Strychnine is a pesticide that typically causes toxicosis in companion and production animals by accidental ingestion or malicious poisoning. Onset of toxicosis is rapid and results in agitation, stiff gait, tremors, and seizures, leading to respiratory arrest and death. Diagnosis is commonly made by consistent clinical signs and analysis of the stomach contents. Treatment is aimed at controlling tremors and seizures and providing respiratory support.
Strychnine is an indole alkaloid obtained from the seeds of the tree Strychnos nux-vomica, native to India and southeast Asia. Strychnine-containing baits are banned in some countries or have strict restrictions for use. Grain-laced or pelleted commercial baits (usually <0.5%) are often dyed red or green. In the past, strychnine has been used as a pesticide to control rats, moles, gophers, and coyotes. Strychnine is highly toxic to most domestic animals.
Malicious or accidental strychnine toxicosis occurs mainly in small animals, especially dogs and occasionally cats, and rarely in production animals. Most toxicosis occurs when nontarget species consume commercial baits. Young and large-breed sexually intact male dogs may be more likely to be affected.
Toxicokinetics and Mechanism of Action of Strychnine Toxicosis in Animals
Strychnine is ionized in the acidic pH of the stomach and then rapidly and completely absorbed in the small intestine. It may also be absorbed dermally and through the mucous membranes.
The highest concentrations of strychnine in the body are found in the blood, liver, and kidneys. It has a high volume of distribution (13 L/kg).
Strychnine is metabolized in the liver by microsomal enzymes. It has low protein binding.
Strychnine and its metabolites are excreted in the urine. Depending on the quantity ingested and treatment measures taken, most of the toxic dose is eliminated within 24–48 hours.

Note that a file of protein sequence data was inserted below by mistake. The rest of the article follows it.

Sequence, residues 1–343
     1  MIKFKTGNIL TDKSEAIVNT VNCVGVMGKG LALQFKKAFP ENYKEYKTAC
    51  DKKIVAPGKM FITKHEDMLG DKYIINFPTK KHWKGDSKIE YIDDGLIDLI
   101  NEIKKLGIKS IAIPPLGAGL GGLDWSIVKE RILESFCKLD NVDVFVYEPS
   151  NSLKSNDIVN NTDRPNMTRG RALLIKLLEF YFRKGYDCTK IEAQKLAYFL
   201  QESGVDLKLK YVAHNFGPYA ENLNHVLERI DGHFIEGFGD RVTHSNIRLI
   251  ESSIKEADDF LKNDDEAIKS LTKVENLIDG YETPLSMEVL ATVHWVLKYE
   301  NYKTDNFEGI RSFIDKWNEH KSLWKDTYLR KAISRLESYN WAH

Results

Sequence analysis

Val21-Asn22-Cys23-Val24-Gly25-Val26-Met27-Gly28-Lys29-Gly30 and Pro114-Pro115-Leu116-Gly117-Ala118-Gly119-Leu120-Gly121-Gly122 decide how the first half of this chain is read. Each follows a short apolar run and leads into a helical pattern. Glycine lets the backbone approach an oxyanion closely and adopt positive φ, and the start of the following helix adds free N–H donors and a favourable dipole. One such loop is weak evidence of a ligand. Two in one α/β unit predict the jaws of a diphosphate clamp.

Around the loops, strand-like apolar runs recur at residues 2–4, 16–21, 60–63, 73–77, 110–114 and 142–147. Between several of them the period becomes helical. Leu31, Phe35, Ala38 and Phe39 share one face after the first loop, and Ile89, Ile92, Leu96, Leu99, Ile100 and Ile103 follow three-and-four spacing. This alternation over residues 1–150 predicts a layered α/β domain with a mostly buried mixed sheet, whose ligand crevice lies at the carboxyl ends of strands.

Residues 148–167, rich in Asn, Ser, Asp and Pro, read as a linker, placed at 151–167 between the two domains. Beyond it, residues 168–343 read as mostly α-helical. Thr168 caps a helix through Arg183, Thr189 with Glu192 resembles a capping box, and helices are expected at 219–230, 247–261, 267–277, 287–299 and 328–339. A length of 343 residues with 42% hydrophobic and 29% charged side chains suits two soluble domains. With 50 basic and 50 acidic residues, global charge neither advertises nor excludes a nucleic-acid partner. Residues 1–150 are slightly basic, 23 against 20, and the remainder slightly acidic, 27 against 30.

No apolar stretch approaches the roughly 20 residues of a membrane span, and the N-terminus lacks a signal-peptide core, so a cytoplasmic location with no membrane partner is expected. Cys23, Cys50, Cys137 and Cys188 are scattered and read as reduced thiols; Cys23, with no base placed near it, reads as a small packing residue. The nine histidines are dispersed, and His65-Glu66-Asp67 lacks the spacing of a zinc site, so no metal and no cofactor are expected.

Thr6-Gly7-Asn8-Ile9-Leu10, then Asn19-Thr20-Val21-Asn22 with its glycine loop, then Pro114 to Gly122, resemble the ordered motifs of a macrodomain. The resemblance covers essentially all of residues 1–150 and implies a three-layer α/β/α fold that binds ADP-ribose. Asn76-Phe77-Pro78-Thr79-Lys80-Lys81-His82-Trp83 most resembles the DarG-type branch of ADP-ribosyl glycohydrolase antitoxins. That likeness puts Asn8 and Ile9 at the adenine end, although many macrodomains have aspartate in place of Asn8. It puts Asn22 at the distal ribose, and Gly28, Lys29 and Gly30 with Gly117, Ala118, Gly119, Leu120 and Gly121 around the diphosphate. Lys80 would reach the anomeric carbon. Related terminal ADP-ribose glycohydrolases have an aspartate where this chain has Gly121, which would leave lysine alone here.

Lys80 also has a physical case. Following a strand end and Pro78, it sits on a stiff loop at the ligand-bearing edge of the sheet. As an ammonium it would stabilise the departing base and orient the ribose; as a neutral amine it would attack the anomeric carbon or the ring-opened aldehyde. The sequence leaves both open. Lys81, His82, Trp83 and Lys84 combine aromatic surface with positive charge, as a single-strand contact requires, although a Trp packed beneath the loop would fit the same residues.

Mechanism of Action
Strychnine competitively and reversibly inhibits the inhibitory neurotransmitter glycine at postsynaptic neuronal sites in the spinal cord and medulla. This results in unchecked reflex stimulation of motor neurons affecting all the striated muscles. Because the extensor muscles are relatively more powerful than the flexor muscles, they predominate to produce generalized rigidity and tonic-clonic seizures. Death results from anoxia and exhaustion.
Median Lethal Dose
The oral median lethal dose (LD50) of strychnine is 0.5–1 mg/kg in dogs, cattle, horses, and pigs and 2 mg/kg in cats.
Clinical Findings of Strychnine Toxicosis in Animals
The onset of toxicosis from strychnine toxicosis is rapid. After oral exposure, clinical signs may appear within 10–120 minutes. Presence of food in the stomach can delay onset. Early clinical signs, which often are overlooked, consist of apprehension, nervousness, tenseness, and stiffness. Extensor rigidity causes the animal to assume a sawhorse stance with splayed, stiff legs. Vomiting is possible but uncommon. Severe tetanic seizures may appear spontaneously or may be initiated by stimuli such as touch, sound, or a sudden bright light. Respiration may stop momentarily. Intermittent periods of relaxation are seen during convulsions but become less frequent as the clinical course progresses.
The mucous membranes become cyanotic and the pupils dilated. Rhabdomyolysis and secondary renal failure may occur due to prolonged muscle activity. Hyperthermia (40°–41°C [104°–106°F]) due to stiffness and seizures often occurs in dogs. Frequency of the seizures increases, and death eventually occurs secondary to respiratory paralysis and hypoxia. If untreated, the entire syndrome may last only 1–2 hours.
There are no characteristic lesions at postmortem examination, but, because of prolonged convulsions before death, petechial hemorrhages of heart and lungs and generalized tissue congestion from anoxia may occur. Animals dying from strychnine toxicosis have rapid rigor mortis.
Diagnosis of Strychnine Toxicosis in Animals